Another namesake predecessor was formed in 1871, when J. Pierpont Morgan and Anthony Drexel founded Drexel, Morgan & Co. The bank became known for reorganizing financially-weak railroads and financing the mergers that formed major industrial corporations, like General Electric Co. (GE - Free General Electric Stock Report). In 1904, it helped raise funds for the purchase of the land rights needed to build the Panama Canal. Following the 1929 stock market crash, the company spun off its investment banking business, which became Morgan Stanley (MS). After merging with Guaranty Trust Co. (inventor of the American Depositary Receipt) in 1959, the company renamed itself Morgan Guaranty Trust Co. In 2000, it merged with The Chase Manhattan Corp., calling itself J.P. Morgan Chase & Co.
Meanwhile, midwestern banks, some with roots in the early nineteenth century, were also joining forces. In 1995, First Chicago Corp. merged with Detroit-based NBD Bancorp, with the combined company called First Chicago NBD. That company and Banc One Corp. joined forces in 1998, to form Bank One Corp. Finally, in 2004, J.P. Morgan Chase & Co. merged with Bank One, to form JPMorgan Chase & Co., with Bank One’s Chairman, James Dimon, assuming the title of President and Chief Operating Officer at the time of the merger. He was named Chairman of the Board in 2007.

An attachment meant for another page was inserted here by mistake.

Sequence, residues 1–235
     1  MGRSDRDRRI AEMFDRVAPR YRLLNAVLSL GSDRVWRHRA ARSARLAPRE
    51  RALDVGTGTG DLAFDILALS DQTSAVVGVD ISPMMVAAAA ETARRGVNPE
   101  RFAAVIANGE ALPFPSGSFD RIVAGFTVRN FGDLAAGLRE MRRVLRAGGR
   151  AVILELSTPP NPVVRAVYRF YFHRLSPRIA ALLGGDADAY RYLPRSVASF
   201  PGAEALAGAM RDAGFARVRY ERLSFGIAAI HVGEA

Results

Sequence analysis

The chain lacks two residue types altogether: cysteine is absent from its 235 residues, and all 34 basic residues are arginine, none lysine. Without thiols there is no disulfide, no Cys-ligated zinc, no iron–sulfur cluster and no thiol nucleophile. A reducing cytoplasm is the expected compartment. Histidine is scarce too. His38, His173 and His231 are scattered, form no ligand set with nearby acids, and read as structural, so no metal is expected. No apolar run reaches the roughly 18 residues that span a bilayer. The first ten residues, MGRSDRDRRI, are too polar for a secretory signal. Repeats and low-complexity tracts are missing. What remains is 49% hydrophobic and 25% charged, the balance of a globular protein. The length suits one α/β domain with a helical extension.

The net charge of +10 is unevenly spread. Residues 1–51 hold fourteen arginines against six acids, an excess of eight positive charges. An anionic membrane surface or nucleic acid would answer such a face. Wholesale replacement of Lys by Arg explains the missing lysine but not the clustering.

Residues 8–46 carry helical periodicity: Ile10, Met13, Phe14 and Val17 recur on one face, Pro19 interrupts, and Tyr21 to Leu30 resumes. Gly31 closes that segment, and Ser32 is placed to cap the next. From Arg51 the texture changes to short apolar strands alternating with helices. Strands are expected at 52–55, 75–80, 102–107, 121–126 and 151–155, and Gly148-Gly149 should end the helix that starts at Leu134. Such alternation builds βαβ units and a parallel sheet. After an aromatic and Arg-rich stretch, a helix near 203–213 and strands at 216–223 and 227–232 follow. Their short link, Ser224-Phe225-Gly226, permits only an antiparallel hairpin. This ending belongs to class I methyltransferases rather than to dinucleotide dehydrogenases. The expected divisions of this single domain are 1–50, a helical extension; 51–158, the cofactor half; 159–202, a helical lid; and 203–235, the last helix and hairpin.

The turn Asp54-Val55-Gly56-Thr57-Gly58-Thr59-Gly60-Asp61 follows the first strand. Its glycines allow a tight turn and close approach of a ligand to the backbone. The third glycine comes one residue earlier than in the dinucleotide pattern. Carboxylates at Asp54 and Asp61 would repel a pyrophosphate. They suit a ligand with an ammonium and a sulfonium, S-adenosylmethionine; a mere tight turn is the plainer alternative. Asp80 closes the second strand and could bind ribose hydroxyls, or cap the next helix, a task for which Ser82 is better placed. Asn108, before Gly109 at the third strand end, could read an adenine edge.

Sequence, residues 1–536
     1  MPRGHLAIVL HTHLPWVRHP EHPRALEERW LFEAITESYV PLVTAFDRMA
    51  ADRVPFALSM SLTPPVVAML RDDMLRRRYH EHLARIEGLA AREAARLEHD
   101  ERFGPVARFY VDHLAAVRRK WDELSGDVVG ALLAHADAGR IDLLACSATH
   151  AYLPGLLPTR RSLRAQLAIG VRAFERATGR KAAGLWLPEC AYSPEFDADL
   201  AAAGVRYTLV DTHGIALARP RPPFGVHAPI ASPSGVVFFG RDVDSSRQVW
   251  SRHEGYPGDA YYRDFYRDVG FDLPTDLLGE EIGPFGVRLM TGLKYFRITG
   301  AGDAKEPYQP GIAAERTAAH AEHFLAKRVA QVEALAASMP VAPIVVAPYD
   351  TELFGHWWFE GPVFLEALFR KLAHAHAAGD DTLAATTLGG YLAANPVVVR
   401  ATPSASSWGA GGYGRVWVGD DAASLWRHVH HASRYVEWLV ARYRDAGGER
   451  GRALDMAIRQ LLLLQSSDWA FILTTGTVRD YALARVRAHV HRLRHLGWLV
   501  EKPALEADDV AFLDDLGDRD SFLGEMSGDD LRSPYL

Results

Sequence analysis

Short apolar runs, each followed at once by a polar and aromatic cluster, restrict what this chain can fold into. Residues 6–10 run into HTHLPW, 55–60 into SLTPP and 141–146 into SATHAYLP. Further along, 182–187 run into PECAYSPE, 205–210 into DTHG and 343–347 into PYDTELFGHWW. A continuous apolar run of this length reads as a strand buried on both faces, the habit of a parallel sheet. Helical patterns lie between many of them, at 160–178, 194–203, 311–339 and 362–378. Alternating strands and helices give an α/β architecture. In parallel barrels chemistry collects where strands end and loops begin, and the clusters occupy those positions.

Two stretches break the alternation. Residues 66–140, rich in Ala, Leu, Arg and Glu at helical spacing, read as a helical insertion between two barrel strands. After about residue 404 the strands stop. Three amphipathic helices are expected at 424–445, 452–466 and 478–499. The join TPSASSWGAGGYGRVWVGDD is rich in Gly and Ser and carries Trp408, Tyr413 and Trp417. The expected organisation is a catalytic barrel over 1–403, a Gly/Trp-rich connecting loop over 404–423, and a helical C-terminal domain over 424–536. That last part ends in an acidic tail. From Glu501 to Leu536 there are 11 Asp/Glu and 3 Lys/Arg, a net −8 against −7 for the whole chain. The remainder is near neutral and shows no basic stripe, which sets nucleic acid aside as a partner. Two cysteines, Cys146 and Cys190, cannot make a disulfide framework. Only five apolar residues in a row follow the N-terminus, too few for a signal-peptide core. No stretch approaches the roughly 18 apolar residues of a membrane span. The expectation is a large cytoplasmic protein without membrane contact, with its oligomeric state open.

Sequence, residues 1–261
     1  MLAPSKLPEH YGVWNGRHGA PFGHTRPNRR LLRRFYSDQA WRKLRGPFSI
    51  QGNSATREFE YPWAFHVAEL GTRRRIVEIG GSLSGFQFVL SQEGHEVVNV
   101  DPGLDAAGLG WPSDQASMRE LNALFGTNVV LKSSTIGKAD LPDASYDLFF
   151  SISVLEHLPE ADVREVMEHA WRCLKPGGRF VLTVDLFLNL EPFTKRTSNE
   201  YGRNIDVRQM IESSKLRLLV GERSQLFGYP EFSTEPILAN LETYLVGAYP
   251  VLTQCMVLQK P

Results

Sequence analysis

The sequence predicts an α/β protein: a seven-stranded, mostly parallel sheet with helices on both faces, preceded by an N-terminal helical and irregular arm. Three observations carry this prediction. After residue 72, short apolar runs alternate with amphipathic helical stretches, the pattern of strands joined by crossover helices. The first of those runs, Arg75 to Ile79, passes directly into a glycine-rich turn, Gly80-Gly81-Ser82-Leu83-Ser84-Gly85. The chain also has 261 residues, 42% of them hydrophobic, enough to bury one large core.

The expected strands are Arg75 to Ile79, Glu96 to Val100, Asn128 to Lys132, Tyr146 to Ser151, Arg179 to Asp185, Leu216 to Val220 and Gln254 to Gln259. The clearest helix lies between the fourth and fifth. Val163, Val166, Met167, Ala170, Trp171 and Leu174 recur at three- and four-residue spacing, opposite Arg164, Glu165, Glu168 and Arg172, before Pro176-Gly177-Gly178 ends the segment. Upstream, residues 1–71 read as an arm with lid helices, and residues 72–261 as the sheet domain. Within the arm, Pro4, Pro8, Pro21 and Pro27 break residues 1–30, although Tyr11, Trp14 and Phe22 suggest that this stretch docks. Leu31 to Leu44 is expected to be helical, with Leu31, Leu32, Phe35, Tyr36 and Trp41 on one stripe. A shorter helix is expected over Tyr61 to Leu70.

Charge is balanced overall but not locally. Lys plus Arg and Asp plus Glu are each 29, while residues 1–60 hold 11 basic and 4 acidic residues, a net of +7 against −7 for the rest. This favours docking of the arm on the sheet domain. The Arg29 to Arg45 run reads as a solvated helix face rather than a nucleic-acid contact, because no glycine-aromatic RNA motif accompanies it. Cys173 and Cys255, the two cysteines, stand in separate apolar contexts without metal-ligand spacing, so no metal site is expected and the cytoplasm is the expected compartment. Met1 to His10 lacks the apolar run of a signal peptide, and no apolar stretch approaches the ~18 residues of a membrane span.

JPMorgan Chase & Co. divides its operations into five main business groups. The first two account for the lion’s share of revenues, but their profits have been subject to dramatic swings in recent years. When depression era rules separating banking from investment banking began to crumble in the 1980s, many large banks rebuilt their investment banking operations via acquisitions and by obtaining permission from regulators to engage in specific investment banking activities. JPMorgan Chase’s Consumer & Community Banking segment rakes in a majority of the equity's net income, with the Corporate & Investment Banking division, which engages in debt and equity underwriting, trading, advisory, corporate lending, and principal investing activities, coming in a close second.
Profits in the remaining three smaller business groups aren’t as volatile as the preceding two, but together they account for only a third or so of JPMorgan Chase’s bottom line. Commercial Banking lends to midsized firms, large companies, and municipalities, and includes commercial real estate lending. And the Asset Management division provides investment management and private banking services.